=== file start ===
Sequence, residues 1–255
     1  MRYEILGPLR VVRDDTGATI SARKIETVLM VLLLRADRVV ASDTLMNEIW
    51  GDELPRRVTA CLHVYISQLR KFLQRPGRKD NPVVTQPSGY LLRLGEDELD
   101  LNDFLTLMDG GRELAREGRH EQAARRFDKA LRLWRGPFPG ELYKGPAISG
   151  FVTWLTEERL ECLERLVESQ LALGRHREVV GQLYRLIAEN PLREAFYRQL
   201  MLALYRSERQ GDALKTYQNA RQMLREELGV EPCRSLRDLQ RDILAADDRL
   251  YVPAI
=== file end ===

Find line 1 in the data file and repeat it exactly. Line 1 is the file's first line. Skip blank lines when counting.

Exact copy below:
Sequence, residues 1–255